Google alerts of your brand to see when you’ve been mentioned on another site or for branding your name within text for catching plagiarism
Google Webmaster Tools to look for duplicate content on your website
Google Webmaster Tools to look for backlinks to your site in order to check for copied content
Be sure to also use Copyscape for duplicate content, add services like MUSO to be vigilant for you, and run a search on the first paragraph of your posts for the most likely way to catch copied content on piracy sites.
If you do happen to find plagiarism of your work on another site, you can respond by filing a Digital Millennium Copyright Act notice or notice to the DMCA, which happens through Google or the web hosting company that the website owner uses.
Don’t let someone steal your original content bringing down your search rankings or taking your thought sand running with them. With a report made to the website owner, Google, and the hosting company, a website with plagiarism could be down within days or weeks if not corrected. While it may be a compliment to have your content stolen, it’s unethical and you have the right to aggressive legal action.
Don’t let plagiarism ruin your reputation. Double check all of your content through copyscape and look for others that may be stealing your work. It’s important that content on the web is original.
DALLAS, TX – Provision Data Services (Provision), a provider of data center, colocation and interconnection solutions, announced today the opening of its first data center located in Dallas’ downtown Central Business District (CBD) located at 2020 Live Oak St. Currently, a Fortune 500 telecommunications company serves as the anchor tenant for the 137,000-square-foot data center, occupying 10,000 square feet within the 12-story structure.
The executive team fueling Provision’s strategy and vision is principal founder and Chief Executive Officer, Clay Hill, co-founder and Chief Operating Officer, David Tordoff, along with Executive Vice President of Sales and Marketing, David Marlow.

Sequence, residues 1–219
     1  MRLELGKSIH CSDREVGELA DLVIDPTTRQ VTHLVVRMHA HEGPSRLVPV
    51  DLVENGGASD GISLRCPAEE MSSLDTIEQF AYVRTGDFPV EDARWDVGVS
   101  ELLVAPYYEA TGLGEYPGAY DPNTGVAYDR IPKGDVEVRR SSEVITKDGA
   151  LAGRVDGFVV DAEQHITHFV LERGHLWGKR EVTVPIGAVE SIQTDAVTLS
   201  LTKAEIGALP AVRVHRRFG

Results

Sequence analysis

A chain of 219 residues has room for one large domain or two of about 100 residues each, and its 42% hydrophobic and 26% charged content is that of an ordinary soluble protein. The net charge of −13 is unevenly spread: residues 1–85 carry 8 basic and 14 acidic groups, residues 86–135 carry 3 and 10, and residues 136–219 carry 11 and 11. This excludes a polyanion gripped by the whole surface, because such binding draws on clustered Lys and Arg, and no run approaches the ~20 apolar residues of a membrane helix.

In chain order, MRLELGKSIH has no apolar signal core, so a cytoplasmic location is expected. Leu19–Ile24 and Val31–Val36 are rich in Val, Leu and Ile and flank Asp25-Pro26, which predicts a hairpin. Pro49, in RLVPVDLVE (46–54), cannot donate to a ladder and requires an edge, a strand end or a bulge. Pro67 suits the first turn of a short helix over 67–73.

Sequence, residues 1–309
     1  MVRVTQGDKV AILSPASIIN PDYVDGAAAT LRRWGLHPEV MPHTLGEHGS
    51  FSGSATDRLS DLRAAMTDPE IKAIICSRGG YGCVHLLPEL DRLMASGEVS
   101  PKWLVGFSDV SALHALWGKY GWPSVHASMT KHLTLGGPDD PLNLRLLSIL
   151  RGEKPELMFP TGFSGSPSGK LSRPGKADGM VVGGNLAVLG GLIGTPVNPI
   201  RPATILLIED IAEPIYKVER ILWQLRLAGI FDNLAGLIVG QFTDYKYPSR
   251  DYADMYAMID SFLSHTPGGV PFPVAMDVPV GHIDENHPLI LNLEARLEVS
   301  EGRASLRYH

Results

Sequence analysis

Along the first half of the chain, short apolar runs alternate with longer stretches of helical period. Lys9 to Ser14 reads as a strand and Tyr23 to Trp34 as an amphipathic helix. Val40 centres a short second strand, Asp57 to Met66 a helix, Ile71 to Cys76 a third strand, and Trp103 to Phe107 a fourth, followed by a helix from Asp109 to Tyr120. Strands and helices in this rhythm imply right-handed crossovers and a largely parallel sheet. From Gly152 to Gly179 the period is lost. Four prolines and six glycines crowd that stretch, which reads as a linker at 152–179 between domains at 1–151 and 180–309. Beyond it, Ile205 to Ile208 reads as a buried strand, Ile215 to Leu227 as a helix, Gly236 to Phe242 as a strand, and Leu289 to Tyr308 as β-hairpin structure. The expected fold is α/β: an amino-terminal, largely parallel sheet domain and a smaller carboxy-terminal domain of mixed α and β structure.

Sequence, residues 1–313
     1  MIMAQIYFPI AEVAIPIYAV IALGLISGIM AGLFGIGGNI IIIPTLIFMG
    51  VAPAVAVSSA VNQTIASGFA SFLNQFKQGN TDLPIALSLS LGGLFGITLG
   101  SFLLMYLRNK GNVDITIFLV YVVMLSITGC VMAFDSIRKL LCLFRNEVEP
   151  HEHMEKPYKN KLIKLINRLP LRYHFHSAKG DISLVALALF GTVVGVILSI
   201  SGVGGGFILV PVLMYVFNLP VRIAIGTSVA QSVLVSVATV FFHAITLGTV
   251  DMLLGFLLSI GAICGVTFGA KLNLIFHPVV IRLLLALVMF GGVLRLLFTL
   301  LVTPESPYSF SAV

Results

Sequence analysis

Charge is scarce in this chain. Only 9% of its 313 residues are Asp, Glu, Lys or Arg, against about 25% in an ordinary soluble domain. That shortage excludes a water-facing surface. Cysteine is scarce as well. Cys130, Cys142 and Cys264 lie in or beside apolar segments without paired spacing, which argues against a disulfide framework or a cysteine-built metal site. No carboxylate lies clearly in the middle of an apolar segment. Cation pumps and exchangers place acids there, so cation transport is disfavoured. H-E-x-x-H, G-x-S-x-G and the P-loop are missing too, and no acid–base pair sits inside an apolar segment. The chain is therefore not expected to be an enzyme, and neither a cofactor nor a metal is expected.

Prior to launching Provision with Tordoff, Hill was a co-founder of Clearview Management Consultants, later branded Clearview International, LLC. With more than 28 years of experience, Hill has advised companies worldwide on transforming their businesses while gaining maximum value from their IT investments. Hill’s focus on innovative solutions and more efficient operations led to the significant growth of Clearview and its subsidiary, Waco Data Partners. As CEO of Provision, he oversees the company’s corporate direction providing clients with leveraged technology and agile business operations.
In his career, Tordoff has led many data center initiatives, from ground-level build outs to re-engineering facilities into state-of-the-art infrastructures. As co-founder and Chief Operating Officer of Provision, he ensures the company’s corporate strategies are aligned with overall market dynamics, customer needs and operational requirements. His extensive knowledge of network-centric data centers provides the team with long-term leadership and management expertise.